(MSM, ET, MESA+)
(CCP, TNW, MESA+)
(POF, TNW, MESA+, TECHMED)
Stefan Luding studied physics at Bayreuth, Germany (reactions on complex and fractal geometries). He did his PhD on the simulations of dry granular materials in the group of Prof. A. Blumen in Freiburg, Germany. He spent his post-doctorate time in Paris IV, Jussieu, with E. Clement and J. Duran, before he joined the computational physics group with Prof. Herrmann in 1995, where he achieved his habilitation in 1998.
In 2001, he moved to DelftChemTech at the TU Delft in Netherlands as associate professor for particle technology. Since 2007 he chairs the group multiscale mechanics (MSM) at the Faculty of Engineering Technology at the University of Twente, Netherlands.
His major research expertise is on granular matter, their non-Newtonian flows, non-linear solids, particle interactions, cohesive powders, asphalt, composites, bio-/micro-fluid systems, self-healing materials and most of all on micro-macro transition methods.
Among many other tasks and services for the community, he is since 1998 Managing Editor in Chief of the journal Granular Matter as well as, since 2005, president of AEMMG organizing the Powders and Grains conference series: next event July 2017 in Montpellier, F.
I am a scientist, trained as theoretical physicist and applied mathematician, holding the chair for Multiscale Modeling and Simulation at the University of Twente and for Anisotropic Turbulence at Eindhoven University of Technology. My research focus is on mathematics, physics and numerics of multiscale problems in turbulence, mixing, complex fluids and biology. I try to find simplicity behind complexity, find structures and what combines, rather than what separates. I contribute to 4TU.AMI, ERCOFTAC, TGS Computational Science and act as HoD of Applied Mathematics in Twente. I like architecture, art, jazz and sports.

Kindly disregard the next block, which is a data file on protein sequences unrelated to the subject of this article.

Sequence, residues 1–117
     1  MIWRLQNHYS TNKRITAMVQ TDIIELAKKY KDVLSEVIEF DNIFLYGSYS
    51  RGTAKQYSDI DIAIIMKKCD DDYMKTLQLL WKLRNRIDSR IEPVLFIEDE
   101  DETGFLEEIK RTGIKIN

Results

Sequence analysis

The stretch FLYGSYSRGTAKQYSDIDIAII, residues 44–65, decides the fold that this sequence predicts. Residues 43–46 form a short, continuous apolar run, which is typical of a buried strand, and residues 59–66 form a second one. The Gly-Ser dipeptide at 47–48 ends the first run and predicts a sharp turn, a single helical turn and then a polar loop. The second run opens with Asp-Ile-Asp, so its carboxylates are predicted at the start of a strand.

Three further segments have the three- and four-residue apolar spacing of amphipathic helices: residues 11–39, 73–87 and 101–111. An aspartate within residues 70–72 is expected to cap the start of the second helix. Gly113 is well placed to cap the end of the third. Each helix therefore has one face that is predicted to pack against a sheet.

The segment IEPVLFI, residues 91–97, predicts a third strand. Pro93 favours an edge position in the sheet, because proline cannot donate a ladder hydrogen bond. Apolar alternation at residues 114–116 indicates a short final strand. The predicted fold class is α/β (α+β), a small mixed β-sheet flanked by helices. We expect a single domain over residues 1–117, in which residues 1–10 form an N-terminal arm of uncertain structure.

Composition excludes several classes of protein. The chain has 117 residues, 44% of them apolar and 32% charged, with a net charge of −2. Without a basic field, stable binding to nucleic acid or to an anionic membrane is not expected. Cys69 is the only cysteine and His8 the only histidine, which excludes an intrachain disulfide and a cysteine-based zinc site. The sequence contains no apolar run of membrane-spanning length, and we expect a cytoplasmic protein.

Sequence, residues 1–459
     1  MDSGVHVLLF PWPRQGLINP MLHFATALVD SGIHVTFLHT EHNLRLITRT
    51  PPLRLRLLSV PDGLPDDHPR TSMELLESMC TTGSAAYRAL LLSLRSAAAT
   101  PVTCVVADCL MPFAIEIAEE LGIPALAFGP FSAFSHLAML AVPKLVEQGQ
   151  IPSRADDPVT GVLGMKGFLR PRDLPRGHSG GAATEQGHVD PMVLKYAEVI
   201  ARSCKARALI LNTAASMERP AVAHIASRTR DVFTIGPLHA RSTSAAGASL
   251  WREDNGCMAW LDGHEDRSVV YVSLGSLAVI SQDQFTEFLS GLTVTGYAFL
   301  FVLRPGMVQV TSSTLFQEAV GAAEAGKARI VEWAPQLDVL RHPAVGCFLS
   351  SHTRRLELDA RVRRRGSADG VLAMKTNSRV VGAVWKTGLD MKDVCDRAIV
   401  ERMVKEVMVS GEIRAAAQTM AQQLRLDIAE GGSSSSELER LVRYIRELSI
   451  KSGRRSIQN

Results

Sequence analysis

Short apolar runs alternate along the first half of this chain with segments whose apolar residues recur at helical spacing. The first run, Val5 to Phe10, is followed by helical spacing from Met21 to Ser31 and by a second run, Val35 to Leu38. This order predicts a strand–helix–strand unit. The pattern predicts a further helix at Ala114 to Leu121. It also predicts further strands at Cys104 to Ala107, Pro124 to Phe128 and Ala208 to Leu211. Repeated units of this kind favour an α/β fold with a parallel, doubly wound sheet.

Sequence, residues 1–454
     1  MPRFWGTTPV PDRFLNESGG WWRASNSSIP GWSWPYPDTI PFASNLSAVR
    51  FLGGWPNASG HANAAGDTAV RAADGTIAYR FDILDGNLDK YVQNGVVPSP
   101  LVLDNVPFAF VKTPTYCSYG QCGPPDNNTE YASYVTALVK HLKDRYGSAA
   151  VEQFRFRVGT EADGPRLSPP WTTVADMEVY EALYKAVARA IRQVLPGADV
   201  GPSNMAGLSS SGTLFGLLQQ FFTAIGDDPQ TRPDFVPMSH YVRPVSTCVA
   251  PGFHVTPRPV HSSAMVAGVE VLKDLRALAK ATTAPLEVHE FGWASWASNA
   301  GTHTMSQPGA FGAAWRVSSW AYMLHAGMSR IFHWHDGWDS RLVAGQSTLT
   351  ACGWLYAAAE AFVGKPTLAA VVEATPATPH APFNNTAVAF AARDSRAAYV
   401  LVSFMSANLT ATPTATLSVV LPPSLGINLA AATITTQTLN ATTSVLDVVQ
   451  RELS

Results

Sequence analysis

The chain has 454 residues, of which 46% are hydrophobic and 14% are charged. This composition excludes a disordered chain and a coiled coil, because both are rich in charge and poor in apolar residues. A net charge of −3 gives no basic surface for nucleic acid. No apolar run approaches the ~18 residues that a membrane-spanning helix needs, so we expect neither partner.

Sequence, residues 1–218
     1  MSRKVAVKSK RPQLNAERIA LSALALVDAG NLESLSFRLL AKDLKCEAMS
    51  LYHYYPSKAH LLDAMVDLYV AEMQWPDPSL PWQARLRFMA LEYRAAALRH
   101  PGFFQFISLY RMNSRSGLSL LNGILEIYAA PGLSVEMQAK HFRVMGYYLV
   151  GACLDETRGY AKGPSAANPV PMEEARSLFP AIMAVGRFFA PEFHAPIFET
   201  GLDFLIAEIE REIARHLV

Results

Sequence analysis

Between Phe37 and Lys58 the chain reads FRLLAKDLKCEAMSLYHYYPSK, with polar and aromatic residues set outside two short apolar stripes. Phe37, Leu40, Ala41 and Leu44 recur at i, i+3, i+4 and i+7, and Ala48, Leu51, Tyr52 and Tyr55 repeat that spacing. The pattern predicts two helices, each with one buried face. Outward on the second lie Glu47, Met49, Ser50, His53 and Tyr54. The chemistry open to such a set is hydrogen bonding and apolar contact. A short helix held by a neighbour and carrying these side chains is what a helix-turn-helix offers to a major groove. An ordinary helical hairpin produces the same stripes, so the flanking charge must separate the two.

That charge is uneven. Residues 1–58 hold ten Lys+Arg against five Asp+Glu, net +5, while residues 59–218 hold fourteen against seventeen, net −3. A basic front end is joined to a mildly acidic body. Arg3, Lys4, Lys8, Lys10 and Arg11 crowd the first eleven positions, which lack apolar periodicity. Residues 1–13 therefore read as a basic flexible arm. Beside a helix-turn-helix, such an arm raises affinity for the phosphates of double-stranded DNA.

I work at the Multi-scale Mechanics group CTW, MESA+. My main research interest is in granular materials, in the past focusing on size segregation in dense granular avalanche flows. During this research a continuum model of size segregation for dense granular free surface flows was developed and compared to simple laboratory experiments.
My research is applied mathematics based; but I believe in using the powerful combination of experiments, simulations and numerical solution to gain a deeper understanding of a problem from all sides. Therefore, my work includes small (and sometimes large) scale experiments, deriving new models, constructing software packages to solve both PDE’s and to simulate particles (MercuryDPM), and analytical work. I am currently involved with projects that include all of these aspects, more details can be found on the research interests page.